Empathy for the Devil: The Origins of Mick Jagger’s Devil in John Milton’s London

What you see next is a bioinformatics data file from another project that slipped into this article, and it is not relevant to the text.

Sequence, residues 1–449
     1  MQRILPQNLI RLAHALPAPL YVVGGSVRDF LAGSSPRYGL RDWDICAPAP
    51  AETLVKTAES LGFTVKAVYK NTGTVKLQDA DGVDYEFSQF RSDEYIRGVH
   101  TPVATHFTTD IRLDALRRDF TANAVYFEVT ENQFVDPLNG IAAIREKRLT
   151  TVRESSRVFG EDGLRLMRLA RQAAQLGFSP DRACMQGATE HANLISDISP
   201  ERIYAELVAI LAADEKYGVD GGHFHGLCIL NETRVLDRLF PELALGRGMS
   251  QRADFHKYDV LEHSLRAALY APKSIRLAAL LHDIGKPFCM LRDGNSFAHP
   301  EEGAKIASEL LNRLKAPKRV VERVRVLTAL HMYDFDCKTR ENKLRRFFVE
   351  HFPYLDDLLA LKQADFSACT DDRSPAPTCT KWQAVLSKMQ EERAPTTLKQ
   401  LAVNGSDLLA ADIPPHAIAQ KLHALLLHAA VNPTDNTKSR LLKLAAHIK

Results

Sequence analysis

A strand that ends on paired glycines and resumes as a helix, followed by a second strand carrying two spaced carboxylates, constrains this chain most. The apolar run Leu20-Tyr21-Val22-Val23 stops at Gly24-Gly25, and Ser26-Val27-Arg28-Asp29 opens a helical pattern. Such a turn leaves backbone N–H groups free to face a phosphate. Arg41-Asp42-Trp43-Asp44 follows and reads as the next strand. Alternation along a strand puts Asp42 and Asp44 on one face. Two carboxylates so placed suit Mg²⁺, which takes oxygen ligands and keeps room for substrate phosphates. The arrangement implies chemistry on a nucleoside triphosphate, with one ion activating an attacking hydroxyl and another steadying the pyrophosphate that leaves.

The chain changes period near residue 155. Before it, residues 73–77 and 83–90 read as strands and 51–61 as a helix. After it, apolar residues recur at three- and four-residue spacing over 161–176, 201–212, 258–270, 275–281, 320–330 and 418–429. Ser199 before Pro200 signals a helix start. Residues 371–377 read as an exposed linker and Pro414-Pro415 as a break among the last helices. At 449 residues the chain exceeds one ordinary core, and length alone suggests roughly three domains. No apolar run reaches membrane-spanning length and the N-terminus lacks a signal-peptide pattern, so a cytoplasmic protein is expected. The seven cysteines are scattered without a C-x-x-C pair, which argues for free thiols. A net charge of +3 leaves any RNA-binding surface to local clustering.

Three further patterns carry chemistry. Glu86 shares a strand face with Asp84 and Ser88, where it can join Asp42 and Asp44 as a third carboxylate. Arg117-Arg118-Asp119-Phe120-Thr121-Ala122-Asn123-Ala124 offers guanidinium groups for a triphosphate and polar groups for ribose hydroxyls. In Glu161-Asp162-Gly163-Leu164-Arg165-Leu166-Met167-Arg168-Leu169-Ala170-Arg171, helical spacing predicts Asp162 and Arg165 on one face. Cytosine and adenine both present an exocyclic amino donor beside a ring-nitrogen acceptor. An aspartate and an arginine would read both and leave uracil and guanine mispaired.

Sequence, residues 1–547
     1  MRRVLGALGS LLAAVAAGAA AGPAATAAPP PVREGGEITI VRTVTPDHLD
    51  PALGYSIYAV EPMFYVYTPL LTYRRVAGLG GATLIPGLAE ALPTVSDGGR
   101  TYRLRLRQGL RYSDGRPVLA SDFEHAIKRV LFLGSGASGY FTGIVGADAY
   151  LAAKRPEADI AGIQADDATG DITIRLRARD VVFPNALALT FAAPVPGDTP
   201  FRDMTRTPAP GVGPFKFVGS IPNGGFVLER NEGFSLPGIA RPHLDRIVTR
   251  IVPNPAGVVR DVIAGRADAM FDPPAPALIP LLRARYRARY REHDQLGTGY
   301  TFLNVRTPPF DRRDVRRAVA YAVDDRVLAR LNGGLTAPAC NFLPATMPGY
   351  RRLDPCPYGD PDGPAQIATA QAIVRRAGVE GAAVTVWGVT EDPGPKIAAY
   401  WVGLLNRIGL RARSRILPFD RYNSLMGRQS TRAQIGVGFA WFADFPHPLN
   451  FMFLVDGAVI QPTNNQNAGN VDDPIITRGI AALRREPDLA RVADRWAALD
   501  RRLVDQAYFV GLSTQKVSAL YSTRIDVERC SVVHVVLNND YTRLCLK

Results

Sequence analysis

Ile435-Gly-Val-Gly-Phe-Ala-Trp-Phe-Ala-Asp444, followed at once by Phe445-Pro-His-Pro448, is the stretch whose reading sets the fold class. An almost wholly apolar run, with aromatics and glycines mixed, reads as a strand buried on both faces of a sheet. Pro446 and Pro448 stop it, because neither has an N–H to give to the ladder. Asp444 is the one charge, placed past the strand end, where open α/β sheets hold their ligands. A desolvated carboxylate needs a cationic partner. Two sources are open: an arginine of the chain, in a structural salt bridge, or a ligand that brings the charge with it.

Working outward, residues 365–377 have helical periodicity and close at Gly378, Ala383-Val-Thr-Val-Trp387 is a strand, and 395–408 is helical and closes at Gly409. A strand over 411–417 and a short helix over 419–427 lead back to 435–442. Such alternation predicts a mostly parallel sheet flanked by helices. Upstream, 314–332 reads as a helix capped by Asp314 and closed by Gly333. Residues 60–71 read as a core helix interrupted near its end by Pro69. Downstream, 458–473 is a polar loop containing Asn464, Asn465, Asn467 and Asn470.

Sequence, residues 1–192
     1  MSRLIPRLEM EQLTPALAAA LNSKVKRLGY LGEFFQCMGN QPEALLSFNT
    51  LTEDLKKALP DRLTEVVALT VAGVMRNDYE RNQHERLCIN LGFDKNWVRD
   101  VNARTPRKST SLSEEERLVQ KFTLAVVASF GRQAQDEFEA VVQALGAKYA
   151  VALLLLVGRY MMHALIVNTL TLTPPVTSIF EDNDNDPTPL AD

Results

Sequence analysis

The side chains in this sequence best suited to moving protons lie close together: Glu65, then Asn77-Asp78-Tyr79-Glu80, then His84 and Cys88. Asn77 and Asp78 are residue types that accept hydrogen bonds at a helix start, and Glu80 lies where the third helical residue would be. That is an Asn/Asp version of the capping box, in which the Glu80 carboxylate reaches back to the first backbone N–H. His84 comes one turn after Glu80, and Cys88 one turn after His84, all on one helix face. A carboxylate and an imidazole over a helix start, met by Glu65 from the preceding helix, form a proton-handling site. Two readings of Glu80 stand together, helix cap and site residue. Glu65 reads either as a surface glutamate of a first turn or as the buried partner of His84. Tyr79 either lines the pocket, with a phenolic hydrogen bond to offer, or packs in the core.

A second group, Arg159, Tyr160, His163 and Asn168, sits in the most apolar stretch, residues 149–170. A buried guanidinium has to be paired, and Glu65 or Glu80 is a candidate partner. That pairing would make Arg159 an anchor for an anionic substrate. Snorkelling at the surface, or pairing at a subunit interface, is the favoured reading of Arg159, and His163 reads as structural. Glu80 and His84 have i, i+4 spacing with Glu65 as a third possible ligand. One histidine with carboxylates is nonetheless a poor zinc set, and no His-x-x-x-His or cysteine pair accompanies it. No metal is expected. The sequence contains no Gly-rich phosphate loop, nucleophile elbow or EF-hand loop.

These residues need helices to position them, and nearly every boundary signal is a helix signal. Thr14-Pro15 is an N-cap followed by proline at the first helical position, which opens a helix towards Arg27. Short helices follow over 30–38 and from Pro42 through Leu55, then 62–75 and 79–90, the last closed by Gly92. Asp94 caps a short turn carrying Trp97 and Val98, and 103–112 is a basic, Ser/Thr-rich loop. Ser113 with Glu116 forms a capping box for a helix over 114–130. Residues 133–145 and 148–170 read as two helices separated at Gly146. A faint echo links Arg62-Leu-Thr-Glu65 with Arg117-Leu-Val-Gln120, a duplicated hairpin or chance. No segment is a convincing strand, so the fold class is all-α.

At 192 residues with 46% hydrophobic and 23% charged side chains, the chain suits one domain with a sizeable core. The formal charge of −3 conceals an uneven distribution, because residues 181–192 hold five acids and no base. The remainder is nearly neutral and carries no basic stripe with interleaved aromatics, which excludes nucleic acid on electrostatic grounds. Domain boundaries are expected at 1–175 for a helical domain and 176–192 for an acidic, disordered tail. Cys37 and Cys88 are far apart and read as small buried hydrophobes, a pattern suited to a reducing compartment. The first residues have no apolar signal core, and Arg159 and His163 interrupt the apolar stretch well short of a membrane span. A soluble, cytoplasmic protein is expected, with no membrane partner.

The devil embodied by Mick Jagger in the Rolling Stones’s 1968 “Sympathy for the Devil” is a radical departure from the entirely pejorative devil of previous centuries in England. The context of the English Civil Wars and John Milton’s poetry transformed Satan into a figure with a recognizable psychology. A new readership, the Romantics, then re-evaluated, responded to, and empathized with Milton’s Satan. This chapter attempts to identify the specific path that took Satan from being the ultimate metaphysical threat to a rock icon. Drawing on original readings of the seventeenth-century pamphlet record as well as critical responses to Milton, Jagger, and the Romantics, it argues that the devil of “Sympathy for the Devil” is as much a product of the 1660s as the 1960s.